Gestalt therapy is a type of psychotherapy which was developed in the 1940s and 1950s by Fritz Perls, Laura Perls, and Paul Goodman. This form of psychotherapy has a strong focus on the existential and experiential. Gestalt therapy is a result of breaking away from the traditional psychoanalysis method as developed by Freud. The main difference is that, in Gestalt therapy, the patient is an integral part of the process. The patient must achieve self awareness and reach conclusions on his own, with the therapist serving as a guide. Since its inception, Gestalt therapy has evolved in many ways, but this basic premise of self awareness still remains.
Therapists who specialize in Gestalt therapy are particularly skilled in observing the body language of their patients. This is due to the fact that this kind of therapy is also dependent on the idea that the behaviors of a person determine his contact and interaction with others. Unwittingly, a person may have a set of behaviors that interfere with his relationships, and this is what Gestalt therapy aims to discover. The job of the therapist, then, is to observe keenly how the patient behaves relating to his relationships.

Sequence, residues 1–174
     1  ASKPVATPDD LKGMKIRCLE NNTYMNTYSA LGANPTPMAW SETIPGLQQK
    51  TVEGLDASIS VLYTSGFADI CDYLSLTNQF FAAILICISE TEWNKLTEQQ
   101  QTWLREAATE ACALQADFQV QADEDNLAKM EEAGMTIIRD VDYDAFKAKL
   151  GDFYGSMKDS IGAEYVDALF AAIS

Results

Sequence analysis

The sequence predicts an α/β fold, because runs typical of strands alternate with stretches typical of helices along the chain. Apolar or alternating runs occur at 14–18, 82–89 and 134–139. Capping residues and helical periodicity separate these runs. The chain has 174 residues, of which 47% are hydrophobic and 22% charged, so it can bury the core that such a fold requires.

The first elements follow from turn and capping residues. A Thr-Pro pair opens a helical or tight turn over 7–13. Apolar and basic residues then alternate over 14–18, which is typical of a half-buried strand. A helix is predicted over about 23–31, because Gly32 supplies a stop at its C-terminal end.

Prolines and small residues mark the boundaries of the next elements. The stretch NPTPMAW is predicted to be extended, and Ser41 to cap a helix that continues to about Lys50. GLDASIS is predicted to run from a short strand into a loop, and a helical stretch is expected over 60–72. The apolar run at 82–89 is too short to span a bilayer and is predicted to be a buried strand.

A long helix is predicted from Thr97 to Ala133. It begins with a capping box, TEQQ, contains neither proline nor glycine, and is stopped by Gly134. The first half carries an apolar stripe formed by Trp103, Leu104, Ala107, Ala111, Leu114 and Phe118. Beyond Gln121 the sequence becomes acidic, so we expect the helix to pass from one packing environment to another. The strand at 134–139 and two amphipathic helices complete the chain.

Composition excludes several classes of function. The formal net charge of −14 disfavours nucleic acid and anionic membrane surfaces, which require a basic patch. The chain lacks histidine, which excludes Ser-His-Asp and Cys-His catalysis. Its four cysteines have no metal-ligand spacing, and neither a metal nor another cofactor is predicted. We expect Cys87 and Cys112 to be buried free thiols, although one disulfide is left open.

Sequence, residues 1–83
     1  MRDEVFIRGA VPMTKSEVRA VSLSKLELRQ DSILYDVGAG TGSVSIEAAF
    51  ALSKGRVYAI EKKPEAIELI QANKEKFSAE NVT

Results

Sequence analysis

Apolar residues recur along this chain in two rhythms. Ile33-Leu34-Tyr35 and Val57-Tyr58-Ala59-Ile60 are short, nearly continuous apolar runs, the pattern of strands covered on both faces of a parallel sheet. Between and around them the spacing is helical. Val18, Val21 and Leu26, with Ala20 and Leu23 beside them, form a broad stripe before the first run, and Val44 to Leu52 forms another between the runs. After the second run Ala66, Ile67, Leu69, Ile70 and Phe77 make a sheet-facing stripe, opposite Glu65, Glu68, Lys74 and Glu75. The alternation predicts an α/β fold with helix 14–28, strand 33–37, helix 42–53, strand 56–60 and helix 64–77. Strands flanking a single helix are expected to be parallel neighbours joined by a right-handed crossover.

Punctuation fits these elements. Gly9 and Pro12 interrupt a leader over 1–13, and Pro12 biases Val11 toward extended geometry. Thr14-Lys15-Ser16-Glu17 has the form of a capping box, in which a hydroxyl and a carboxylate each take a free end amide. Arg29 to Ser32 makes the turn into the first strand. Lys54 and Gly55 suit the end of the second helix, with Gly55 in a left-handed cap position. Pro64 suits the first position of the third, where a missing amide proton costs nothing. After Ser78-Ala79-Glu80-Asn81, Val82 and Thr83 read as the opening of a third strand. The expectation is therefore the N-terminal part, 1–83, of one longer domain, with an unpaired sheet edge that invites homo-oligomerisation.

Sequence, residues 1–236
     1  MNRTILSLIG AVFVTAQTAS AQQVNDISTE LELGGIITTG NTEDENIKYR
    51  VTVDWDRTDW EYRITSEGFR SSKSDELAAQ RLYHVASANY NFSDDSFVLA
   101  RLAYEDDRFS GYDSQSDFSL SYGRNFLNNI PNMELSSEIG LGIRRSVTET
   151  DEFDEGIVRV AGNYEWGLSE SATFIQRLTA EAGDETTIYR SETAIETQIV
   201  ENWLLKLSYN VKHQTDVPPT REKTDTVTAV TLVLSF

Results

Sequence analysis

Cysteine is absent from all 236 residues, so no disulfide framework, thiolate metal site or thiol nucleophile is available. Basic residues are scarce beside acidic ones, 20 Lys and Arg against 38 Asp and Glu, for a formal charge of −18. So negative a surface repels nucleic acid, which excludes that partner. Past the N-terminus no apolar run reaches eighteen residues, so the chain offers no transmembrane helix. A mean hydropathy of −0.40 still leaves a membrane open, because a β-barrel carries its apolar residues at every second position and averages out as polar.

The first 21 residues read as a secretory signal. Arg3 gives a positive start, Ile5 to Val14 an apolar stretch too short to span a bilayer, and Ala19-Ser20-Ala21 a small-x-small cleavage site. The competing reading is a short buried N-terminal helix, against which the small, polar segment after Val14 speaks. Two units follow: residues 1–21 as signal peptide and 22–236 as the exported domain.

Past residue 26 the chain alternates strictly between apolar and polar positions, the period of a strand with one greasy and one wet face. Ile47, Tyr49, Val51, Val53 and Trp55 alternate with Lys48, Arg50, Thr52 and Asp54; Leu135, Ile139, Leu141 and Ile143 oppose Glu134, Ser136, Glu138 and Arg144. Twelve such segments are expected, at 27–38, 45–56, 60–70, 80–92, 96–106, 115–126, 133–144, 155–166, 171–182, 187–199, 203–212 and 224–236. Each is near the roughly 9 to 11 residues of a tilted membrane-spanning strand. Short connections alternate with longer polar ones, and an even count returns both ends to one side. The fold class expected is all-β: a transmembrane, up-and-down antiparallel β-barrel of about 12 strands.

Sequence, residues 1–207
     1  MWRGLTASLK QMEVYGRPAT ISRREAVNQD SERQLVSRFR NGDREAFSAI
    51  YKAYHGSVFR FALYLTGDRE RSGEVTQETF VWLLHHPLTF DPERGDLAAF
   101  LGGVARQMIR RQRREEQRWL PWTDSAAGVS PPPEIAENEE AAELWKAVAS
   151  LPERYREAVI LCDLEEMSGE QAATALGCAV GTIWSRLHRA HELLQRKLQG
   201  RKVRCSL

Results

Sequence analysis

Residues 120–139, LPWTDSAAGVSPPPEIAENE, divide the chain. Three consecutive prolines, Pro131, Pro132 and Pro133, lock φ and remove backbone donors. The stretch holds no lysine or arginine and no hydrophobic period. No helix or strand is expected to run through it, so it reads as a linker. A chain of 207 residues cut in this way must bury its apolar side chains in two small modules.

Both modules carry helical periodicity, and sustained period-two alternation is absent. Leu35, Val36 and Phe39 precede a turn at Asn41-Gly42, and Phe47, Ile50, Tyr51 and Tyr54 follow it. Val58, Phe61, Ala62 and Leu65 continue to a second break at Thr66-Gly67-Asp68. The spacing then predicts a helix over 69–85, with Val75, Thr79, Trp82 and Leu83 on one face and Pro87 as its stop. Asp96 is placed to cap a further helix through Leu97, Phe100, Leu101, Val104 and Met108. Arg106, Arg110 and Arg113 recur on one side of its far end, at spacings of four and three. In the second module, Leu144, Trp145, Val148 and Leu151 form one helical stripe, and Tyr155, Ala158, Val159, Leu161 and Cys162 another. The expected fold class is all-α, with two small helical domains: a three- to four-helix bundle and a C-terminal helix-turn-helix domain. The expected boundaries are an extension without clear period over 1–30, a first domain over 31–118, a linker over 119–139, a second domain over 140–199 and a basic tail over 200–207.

The term “Gestalt experience” has been largely used in the sense that therapists help their patients reach moments of enlightenment. That is, there are moments during the course of the therapy wherein the patient “suddenly” gains insight about himself or his situation. These moments are also called “Gestalts”.
There aren’t many therapists who strictly follow Gestalt therapy today. However, other forms of psychotherapy do use the idea of self awareness to a certain degree.